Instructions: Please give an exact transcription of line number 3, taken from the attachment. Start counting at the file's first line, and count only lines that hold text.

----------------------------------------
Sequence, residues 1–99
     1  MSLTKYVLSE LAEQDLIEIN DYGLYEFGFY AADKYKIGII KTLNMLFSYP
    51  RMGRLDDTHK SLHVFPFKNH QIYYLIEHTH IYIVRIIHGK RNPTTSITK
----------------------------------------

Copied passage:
    51  RMGRLDDTHK SLHVFPFKNH QIYYLIEHTH IYIVRIIHGK RNPTTSITK